The Regional Transportation District has launched an outreach program to put a long-term plan in place for changes in transportation demands in the Denver area.
Reimagine RTD is a project aimed toward creating a vision for the transportation district as ridership is in decline. Ridership has declined from 103.4 million annual boardings in 2015 to 97.6 million annual boardings in 2018, despite RTD's total operating budget increasing by more than 44% in that time frame, according to statistics found on RTD's website, rtd-denver.com.
“The landscape is changing, and we need to change along with it,” said RTD CEO Dave Genova. “We know we have a big role to play in that, and how we integrate with other options.”
RTD will collect feedback from the public and consider expert consultation to determine a plan.
Christina Zazueta, community engagement manager for RTD, said this will provide input to help RTD better optimize its current systems. Zazueta said RTD wants to hear equally from longtime bus and rail riders as well as those who don't use public transit as much.
“We realize how important it is to hear from riders as well as nonriders,” Zazueta said. “We consider them both part of our community and it's everyone's system … Even if it's a non-rider, we want to know their experience that would make them consider using the RTD system.”
RTD hosted the inaugural telephone town hall Oct. 2 to introduce the project. Each of RTD's 15 internal districts will have its own telephone town hall to solicit feedback. Callers will be able to ask questions over the phone and answer questions about how to improve things like service demands, alternative transit options and RTD's driver and rail operator shortage.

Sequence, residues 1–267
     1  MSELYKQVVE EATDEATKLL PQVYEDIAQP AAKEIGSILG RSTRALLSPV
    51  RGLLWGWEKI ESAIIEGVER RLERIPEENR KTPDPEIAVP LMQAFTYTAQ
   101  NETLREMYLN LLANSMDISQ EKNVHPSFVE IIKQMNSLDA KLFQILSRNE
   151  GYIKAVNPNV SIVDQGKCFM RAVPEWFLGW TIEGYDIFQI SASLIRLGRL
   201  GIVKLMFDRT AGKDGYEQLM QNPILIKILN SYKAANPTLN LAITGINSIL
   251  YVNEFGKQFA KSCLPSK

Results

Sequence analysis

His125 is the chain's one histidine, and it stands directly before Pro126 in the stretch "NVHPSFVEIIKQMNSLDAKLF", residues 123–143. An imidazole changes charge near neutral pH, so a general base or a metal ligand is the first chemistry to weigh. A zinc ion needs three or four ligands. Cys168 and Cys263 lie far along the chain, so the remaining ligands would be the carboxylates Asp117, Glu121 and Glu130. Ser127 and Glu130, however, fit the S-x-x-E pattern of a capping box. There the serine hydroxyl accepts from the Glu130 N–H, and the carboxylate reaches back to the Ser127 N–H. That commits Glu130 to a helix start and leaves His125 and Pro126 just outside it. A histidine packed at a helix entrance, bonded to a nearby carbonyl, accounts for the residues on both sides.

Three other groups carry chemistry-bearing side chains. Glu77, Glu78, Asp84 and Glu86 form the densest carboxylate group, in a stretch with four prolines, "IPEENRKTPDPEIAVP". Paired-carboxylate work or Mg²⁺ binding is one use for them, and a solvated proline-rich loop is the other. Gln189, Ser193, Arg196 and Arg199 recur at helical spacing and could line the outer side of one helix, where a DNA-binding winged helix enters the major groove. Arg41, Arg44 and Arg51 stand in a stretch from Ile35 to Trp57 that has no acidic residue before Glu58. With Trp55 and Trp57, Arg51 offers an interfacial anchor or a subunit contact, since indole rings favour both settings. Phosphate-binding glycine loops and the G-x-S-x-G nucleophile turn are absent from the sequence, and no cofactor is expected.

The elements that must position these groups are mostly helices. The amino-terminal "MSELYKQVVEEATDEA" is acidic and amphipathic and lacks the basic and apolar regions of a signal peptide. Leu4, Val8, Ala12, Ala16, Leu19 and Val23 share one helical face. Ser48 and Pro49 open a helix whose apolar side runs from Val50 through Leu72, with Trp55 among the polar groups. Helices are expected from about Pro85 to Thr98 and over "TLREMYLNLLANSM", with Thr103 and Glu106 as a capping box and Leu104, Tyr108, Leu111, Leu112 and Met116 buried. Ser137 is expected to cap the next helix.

RTD is no stranger to complaints from rail and bus commuters regarding inconsistent arrival times and overall lack of service. RTD has said it does not have enough rail operators or bus drivers to handle RTD's service demand.
RTD serves an area that spans eight counties with a total population of 3.1 million. RTD owns 1,026 buses and has 58.5 miles of light rail track and 40 miles of commuter rail track.
RTD is celebrating 50 years in operation. Light rail was introduced to Denver in October, 1994. RTD operates eight light rail lines and three commuter rail lines.
The Denver Regional Council of Governments is also in the midst of drafting its 2050 plan, which will take into consideration input received through RTD's Reimagine program. Jacob Riger, manager of long-term transportation at DRCOG, said the Denver area's ensuing growth means addressing safety needs, first and foremost, while needing to consider changing technology and finding creative ways to build partnerships to help fund transportation projects.
Riger said DRCOG and RTD have not announced specific long-term project partnerships yet, but said DRCOG will be fully participatory in the work RTD is doing.
Riger said the DRCOG 2050 transportation plan is expected to be finished in 2021.
“I could see a future where transportation solutions are customized to community needs,” Riger said. “I think we need to think differently about our transportation needs as this area evolves.”
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